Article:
On Saturday, June 11, we had the pleasure of making another trip up the North River with Ebenezer Barrows, Esq , in his beautiful little steamer t: Rotary," and from her performance on this occasion, we see no reason to alter the opinion expressed in No. 3, of the present volume, which was written aiter the first trial trip of this little boat last summer. The boat has made frequent trips since that time, and the engine, although nothing has been done in the way of repairs, and not a screw has been disturbed, woiks even bet ter than on that occasion, when we ielt called upon to express our admiration of the smoothness, ease, and silence of its movements. Not a sound being audible but the escape of the exhaust steamthe engine working on the high pressure principle. It is believed that the packing fits better now than when it first started. It must be remembered that this is the first engine ever constructed on this prin-ple, with the exception of one so small as to be a mere toy, and though it has been usual to make allowance for the defects of a first machine of peculiar construction, it is not necessary in this case to do so. In our first notice of the vtRotary,J; we gave the dimensions of the engine, recapitulation of these is therefore unnecessary, farther than to remark that the whole area of the steam surface operated upon at one time, is but 54 square inches, and the average pressure of steam on this occasion was certainly not more than 60 lbs. per square inch ; we should think much less, but as it varied considerably during the trip ; we cannot be positive. It must be admitted that the above area of steam surface is very small to propel a boat oi 70 ieet length and proportionate beam, draught, c , yet during some portions oi the trip, the speed obtained, consi derably exceeded ten miles per hour, the engine at the same time working pump and blower. The consumption of fuel is very small, we are informed about 110 lbs. per hour. One of the most remrkable features in the operation of this engine is, if we may so express it, its perfect obedience to command, the reversal being effected by simply changing the position of one handle, which changes the direction of its revolution without any clatter, or indeed the slightest perceptible sound or jar. The trips made by the Rotary have established the fact that this engine perlorms its duties with a very small expenditure of fuel, that its operation may be controlled by a child, and that it will run for a very long time without repairs. As it may be constructed cheaply in the first instance, it may be said to possess all qualities desirable in an engine. See engravings of this engine in No. 4, Vol. 8, Scientific American.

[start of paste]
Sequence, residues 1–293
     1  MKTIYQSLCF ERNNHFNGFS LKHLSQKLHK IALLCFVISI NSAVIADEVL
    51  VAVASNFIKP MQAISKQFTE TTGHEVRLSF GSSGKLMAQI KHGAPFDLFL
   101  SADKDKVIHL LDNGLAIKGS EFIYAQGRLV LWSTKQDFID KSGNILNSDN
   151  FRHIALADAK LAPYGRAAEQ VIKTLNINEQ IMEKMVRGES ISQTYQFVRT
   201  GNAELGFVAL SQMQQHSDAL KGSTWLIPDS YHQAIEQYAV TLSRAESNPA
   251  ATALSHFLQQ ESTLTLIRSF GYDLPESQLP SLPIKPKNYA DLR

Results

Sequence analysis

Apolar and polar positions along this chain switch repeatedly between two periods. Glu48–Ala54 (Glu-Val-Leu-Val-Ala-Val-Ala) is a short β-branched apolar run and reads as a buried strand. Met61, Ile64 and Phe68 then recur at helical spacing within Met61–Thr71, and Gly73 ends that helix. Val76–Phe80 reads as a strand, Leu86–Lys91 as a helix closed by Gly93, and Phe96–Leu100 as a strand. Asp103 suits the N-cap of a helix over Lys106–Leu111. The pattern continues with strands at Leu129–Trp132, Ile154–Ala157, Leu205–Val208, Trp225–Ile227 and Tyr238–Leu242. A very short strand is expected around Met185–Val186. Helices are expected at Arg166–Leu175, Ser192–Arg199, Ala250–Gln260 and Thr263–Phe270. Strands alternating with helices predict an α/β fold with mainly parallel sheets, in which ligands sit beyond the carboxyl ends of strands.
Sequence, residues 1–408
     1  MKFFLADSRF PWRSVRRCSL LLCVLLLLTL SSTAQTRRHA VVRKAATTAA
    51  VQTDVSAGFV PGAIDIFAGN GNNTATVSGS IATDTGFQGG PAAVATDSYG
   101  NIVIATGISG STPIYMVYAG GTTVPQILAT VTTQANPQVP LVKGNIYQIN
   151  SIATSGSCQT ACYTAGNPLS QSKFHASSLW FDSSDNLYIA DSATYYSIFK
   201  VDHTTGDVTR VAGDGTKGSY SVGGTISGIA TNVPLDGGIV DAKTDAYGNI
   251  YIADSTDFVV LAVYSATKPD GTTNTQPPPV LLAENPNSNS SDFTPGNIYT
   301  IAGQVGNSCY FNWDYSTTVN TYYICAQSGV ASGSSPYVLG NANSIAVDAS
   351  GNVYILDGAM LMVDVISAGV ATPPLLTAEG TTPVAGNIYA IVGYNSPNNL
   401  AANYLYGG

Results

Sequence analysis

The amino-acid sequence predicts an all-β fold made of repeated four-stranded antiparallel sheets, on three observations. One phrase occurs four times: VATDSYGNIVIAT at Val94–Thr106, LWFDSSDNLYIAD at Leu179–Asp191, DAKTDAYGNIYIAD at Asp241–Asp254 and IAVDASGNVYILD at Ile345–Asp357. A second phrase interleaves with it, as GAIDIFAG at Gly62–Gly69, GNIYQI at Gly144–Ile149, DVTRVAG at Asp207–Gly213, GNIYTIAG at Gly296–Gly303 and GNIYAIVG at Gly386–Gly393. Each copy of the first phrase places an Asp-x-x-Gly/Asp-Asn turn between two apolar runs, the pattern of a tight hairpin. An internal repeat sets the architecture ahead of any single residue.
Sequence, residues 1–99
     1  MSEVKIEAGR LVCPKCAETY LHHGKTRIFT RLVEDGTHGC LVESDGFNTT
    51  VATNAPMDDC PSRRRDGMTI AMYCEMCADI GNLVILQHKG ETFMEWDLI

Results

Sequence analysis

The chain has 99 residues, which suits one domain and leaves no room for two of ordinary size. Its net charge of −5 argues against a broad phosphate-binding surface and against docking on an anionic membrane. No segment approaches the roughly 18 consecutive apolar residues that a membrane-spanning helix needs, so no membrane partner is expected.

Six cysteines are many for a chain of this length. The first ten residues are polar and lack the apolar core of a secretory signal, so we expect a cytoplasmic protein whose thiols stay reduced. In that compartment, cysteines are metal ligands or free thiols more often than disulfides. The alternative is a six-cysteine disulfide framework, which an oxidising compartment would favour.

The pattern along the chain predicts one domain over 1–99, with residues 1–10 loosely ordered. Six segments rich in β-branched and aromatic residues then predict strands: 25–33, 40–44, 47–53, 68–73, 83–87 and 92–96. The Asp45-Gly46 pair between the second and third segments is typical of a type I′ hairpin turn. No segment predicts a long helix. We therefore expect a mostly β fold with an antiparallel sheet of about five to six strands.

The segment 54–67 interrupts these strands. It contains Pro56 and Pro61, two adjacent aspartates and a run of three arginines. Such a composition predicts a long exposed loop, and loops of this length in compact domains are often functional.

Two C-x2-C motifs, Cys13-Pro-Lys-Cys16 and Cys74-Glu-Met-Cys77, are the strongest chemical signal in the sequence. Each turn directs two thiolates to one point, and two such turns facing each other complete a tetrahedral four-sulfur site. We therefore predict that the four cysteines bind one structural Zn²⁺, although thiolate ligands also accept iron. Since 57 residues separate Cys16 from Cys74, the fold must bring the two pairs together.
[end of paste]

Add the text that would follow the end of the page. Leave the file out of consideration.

This article was originally published with the title "The Rotary"